It is a nonprofit association that was formed to address consumer and industry concerns about auto repair issues. MAP promotes voluntary "uniform inspection guidelines" as well as a "code of ethics" as a means of improving service and the industry's image to the public.
The MAP organization evolved as a response to allegations that the auto repair industry was ripping people off and selling a lot of parts and services that were not necessary. The issue came to a head in 1992 when a large automotive retail chain store ran afoul of the authorities in California for allegedly overselling unnecessary brake work and other repairs. The investigation snowballed and soon the retailer was facing possible legal action in a number of states all across the country. Congress even got into the act by holding a series of hearings to look into the issue of auto repair fraud, and specifically the practice of "incentive compensation" (paying a commission) to employees for selling parts and services. There was even talk of outlawing the system of commission pay altogether for any type of automotive parts or service work!
The auto retailer in question along with much of the rest of the auto repair industry was running scared, and rightly so. The last thing anybody wanted was more government rules and regulations, especially ones that would likely be ill-conceived and poorly written by people who knew nothing about auto repair. So under the umbrella of the Automotive Parts and Accessories Association, the original MAP organization was formed.
MAP originally stood for "Maintenance Awareness Program." The coalition of members included many of the domestic and import vehicle manufacturers, retail chain store parts and service providers, parts manufacturers and others. The group's original goals were to (1) take the heat off the auto repair industry by directly addressing consumer concerns over repair abuse, (2) to develop a code of ethics for the auto repair industry, (3) to do something about the repair industry's tarnished public image, and (4) to develop standardized or "uniform inspection guidelines" designed to protect consumers against repair abuse and to also help technicians do a better job of servicing their customer's vehicles.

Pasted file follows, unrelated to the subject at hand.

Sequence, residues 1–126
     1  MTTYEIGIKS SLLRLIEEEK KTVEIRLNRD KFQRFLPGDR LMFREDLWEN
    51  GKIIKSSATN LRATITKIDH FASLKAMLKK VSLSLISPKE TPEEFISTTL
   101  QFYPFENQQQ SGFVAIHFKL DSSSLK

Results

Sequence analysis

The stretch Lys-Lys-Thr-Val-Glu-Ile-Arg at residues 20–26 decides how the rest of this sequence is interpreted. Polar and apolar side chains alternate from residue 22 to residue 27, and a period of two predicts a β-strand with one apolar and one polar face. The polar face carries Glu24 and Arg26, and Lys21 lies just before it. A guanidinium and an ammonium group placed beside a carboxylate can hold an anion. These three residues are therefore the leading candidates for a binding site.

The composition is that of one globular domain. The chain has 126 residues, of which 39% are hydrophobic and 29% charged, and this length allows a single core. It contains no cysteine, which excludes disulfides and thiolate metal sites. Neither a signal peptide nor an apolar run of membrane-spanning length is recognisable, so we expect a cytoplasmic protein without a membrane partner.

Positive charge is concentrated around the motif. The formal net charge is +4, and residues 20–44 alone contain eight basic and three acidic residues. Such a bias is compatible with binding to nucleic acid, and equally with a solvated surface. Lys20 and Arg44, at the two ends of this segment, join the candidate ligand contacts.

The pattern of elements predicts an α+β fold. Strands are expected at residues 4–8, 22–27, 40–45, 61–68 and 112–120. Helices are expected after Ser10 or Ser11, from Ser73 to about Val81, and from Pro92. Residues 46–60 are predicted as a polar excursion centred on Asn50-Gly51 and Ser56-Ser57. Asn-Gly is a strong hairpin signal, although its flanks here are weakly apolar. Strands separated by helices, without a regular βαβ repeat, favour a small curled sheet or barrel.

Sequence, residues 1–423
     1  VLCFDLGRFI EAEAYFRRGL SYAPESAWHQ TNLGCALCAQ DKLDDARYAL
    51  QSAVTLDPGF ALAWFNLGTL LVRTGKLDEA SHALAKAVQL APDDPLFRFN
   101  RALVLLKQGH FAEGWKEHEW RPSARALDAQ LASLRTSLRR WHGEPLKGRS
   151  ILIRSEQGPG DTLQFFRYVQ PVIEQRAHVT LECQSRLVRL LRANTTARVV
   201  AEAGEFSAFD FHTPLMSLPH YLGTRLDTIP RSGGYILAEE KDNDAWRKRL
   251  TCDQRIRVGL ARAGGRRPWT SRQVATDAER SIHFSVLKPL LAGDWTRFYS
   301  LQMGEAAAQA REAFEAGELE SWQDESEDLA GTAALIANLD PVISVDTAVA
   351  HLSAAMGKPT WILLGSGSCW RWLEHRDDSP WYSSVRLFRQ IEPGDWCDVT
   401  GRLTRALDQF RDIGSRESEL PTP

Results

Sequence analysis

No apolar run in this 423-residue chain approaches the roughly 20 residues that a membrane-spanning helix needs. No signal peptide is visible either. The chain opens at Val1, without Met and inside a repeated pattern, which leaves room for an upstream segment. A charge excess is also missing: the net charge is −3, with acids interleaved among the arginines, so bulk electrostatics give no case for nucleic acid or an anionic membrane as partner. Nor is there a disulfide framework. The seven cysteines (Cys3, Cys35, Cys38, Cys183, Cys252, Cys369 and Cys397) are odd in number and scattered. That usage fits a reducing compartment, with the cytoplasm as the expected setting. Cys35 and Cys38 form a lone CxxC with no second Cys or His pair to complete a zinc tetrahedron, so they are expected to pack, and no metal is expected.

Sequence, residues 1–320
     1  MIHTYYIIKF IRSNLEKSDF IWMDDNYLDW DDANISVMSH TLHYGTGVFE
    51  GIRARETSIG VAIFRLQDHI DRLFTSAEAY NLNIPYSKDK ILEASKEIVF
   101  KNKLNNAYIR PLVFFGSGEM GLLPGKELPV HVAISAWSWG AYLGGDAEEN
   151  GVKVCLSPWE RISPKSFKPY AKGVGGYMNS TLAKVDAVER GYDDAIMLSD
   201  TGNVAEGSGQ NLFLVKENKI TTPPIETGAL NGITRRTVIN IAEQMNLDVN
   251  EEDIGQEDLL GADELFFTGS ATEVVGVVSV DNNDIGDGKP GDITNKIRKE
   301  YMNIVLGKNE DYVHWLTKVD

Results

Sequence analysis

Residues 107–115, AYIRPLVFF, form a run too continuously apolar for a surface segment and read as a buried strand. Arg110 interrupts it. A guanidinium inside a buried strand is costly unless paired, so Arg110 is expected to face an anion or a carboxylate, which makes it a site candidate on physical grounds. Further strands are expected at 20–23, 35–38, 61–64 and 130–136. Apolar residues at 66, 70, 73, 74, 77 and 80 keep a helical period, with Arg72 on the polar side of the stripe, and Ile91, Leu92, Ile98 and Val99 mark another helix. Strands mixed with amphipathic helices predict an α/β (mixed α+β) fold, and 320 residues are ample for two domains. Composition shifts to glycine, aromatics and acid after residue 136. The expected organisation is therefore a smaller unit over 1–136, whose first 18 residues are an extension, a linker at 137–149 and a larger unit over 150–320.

After months of committee meetings and wrangling, MAP met its objectives. The group succeeded in establishing an open dialogue with various governmental agencies. No new laws were passed that would pose additional regulatory burdens on the auto repair industry, and voluntary standards were adopted that addressed the issues of concern to consumers, namely a series of uniform inspection guidelines for various areas of the vehicle (see related question 132 for a list).
It's important to note that the guidelines were a monumental undertaking since no such standards had ever before been developed. Everyone had operated on the principle of "industry accepted practices" which varied widely. There were many disagreements over both minor and major points in the guidelines that had to be hammered out to everyone's satisfaction. Most of that work has been accomplished. But MAP says it is an ongoing process and will continue to be subject to review and possible change.
Another change that came about was that many automotive service retailers eliminated or revamped their employee incentive pay programs to reduce the chance for abuse. Most have also agreed to adhere to the code of ethics and to implement the uniform inspection guidelines to provide better service and customer satisfaction.
For additional information about MAP, or to obtain copies of the uniform inspection guidelines, contact:
808 17th Street NW, Suite 200
Washington, D.C. 20006